by Ryan Ozawa
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New international report outlines cybersecurity best practices

by Ryan Ozawa

New International Report Outlines Cybersecurity Best Practices - Paubox

A new report jointly prepared by five international government cybersecurity agencies provides one of the best and latest overviews of how any organization, including healthcare businesses, can detect malicious activity targeting their computer systems, as well as how to recover from and prevent hacks.

Plainly named the “Joint Cybersecurity Advisory,” it was published September 1, 2020 to provide “technical approaches to uncovering and remediating malicious activity.”

Who published the report?

The relatively brief 14-page advisory was jointly prepared by the Australian Cyber Security Centre (ACSC), Canadian Centre for Cyber Security, New Zealand National Cyber Security Centre (NZ NCSC), New Zealand CERT NZ, United Kingdom National Cyber Security Centre (UK NCSC), and the United States Cybersecurity and Infrastructure Security Agency (CISA).

It encompasses the results of a collaborative research effort to help organizations enhance incident response and to serve as a playbook for incident investigation.

What are the key takeaways?

The Joint Cybersecurity Advisory focuses on three main steps to deal with security incidents:

  1. Collecting evidence
  2. Implementing security fixes
  3. Seeking independent, credible third-party expertise to assist in the response

The report also recommends businesses “avoid tipping off the adversary that their presence in the network has been discovered,” which might cause them to intensify or accelerate the attack, or revert to sabotage.

Evidence might include network and computer logs and other “artifacts” like installed applications, running processes, scheduled tasks, usernames and logins.

As for third-party consultations, companies should enlist them to capably respond to the security breach, confirm that the attackers and their tools have been completely eradicated, and implement measures to prevent potential follow-up attacks.

What are best practices for incident response?

Organizations should enlist a variety of technical approaches to detect and address malicious activity, including five critical steps:

  1. Searching for indicators of compromise (IOCs), starting with known indicators disclosed and defined by a broad variety of cybersecurity authorities, while preemptively reviewing them for potential false positives.
  2. Analyzing the frequency and location of computer and network activities, comparing recent traffic and other patterns to a large-scale baseline of normal activity established prior to the suspected attack.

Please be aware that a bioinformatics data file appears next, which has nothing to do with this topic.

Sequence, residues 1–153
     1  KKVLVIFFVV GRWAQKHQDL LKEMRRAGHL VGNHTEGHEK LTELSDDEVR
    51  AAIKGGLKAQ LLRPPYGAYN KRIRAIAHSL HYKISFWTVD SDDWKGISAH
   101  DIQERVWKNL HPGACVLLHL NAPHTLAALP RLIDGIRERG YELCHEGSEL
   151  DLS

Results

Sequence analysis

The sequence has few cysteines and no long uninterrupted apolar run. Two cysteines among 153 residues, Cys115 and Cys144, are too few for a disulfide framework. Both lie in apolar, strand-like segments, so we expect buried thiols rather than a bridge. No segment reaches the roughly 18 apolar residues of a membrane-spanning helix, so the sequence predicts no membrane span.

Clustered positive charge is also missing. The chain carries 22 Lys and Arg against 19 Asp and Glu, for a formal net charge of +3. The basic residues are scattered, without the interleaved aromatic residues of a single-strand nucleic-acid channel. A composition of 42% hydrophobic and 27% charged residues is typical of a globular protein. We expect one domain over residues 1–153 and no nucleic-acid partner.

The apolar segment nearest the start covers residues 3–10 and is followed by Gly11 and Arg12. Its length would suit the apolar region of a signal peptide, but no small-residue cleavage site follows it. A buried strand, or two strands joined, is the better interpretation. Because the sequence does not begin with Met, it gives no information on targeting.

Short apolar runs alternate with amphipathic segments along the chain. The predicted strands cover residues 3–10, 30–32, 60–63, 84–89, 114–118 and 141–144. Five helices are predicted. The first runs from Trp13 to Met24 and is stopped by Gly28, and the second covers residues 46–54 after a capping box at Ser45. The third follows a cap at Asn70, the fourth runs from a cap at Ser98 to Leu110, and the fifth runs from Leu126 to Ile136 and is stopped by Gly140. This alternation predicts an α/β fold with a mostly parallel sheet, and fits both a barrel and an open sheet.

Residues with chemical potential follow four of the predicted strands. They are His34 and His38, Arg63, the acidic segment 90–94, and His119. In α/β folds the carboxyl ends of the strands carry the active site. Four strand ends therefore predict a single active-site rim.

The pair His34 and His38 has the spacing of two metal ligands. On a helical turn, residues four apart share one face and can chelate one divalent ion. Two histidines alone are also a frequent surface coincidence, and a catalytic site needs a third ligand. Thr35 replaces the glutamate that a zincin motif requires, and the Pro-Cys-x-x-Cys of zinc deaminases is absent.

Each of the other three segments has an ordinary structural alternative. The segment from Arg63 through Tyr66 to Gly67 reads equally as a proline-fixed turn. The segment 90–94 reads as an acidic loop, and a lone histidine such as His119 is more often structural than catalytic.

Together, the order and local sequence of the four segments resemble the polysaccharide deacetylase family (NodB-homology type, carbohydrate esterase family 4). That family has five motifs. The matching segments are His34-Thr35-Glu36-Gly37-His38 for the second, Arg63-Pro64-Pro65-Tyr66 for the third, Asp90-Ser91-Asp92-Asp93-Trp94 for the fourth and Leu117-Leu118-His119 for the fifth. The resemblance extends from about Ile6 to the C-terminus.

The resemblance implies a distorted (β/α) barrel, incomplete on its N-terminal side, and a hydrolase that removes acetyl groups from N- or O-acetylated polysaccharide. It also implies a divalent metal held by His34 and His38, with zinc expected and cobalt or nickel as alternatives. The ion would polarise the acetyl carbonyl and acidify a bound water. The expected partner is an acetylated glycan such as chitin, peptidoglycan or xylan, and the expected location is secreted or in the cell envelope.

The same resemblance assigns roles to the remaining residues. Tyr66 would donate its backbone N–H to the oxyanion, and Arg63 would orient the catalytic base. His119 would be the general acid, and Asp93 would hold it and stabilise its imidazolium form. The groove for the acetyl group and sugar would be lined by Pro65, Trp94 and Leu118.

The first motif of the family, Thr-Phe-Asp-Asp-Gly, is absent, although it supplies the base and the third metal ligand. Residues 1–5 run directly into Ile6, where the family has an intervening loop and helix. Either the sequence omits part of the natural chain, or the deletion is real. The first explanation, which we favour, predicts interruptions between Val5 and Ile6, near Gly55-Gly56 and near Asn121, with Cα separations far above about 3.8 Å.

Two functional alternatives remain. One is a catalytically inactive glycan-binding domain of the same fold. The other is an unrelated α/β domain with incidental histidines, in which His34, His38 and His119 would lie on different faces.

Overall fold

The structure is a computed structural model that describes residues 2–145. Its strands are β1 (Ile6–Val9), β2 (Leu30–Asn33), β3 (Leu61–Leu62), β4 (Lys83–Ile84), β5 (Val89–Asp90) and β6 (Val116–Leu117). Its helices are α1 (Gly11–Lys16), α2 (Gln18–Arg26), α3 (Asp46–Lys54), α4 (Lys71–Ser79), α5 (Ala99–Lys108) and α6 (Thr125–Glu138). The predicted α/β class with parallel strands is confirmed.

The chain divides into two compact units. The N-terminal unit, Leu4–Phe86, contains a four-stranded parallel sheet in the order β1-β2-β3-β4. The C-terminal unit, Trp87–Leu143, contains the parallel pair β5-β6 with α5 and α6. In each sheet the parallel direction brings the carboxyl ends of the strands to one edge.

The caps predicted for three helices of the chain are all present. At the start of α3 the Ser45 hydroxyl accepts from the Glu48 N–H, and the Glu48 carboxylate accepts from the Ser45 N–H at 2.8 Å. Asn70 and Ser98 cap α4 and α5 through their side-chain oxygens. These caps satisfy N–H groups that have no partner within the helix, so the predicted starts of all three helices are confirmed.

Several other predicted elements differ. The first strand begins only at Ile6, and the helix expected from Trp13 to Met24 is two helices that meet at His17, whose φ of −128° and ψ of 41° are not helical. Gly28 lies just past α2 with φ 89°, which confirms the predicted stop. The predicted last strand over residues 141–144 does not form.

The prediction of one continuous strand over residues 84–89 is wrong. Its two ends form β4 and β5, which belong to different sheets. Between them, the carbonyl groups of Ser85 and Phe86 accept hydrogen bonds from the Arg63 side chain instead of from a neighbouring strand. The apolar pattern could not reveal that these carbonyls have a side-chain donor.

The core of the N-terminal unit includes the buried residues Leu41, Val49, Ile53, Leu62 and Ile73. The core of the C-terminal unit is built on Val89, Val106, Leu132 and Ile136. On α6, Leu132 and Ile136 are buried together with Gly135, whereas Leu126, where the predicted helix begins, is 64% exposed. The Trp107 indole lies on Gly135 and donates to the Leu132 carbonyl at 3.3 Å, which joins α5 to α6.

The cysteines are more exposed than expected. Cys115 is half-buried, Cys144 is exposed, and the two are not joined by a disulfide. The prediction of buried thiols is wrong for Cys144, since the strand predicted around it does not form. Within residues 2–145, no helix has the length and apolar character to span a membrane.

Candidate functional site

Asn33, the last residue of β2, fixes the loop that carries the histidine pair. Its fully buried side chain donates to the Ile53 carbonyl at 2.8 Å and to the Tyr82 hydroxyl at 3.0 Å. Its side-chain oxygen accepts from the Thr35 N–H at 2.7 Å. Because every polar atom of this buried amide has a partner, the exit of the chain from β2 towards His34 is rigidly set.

3. Looking for new patterns among data, including repetitive patterns that can indicate automated mechanisms like scripts and other malware, or activity that matches likely human routines that are out of sync with normal use.
  4. Looking for anomalies like increased errors or exceptions reported in system logs, missing or incomplete audit information, or unique values for otherwise known and homogenous data.

What actions should be avoided?

In addition to outlining ways to effectively and appropriately deal with a security incident, the Joint Cybersecurity Advisory summarizes common missteps an organization can make.

If system administrators and security team members are not careful, for example, they could change, reset, or restore systems before important data can be verified and restored. These actions can also prompt hackers to change their tactics before the company fully understands the original attack.

Companies can also fail to collect logs and other records before resetting or reformatting systems, making it harder to identify malicious activity.

Inexperienced security technicians, meanwhile, could make matters worse by touching or modifying malicious code or hardware they don’t understand, or by openly probing the systems being used by malicious actors by pinging external networks, looking up DNS records, or using the compromised system to coordinate the response.

“System administrators are often tempted to take immediate actions,” the report notes. “Although well intentioned to limit the damage of the compromise, some of those actions have the adverse effect of modifying volatile data that could give a sense of what has been done, and tipping the threat actor that the victim organization is aware of the compromise and forcing the actor to either hide their tracks or take more damaging actions (like detonating ransomware).”

What else does the report cover?

While most of the Joint Cybersecurity Advisory can be understood by non-technical team members, it also includes several very specific tools and tips for system administrators to follow. This includes specifying which server directories to search, which commands to use, and ideal ways to configure workstations, servers and networks.

The report also includes a long list of resources to consult for more detailed information on each recommendation.

If you’re a system administrator or responsible for IT and security at your company, the Joint Cybersecurity Advisory is recommended reading.

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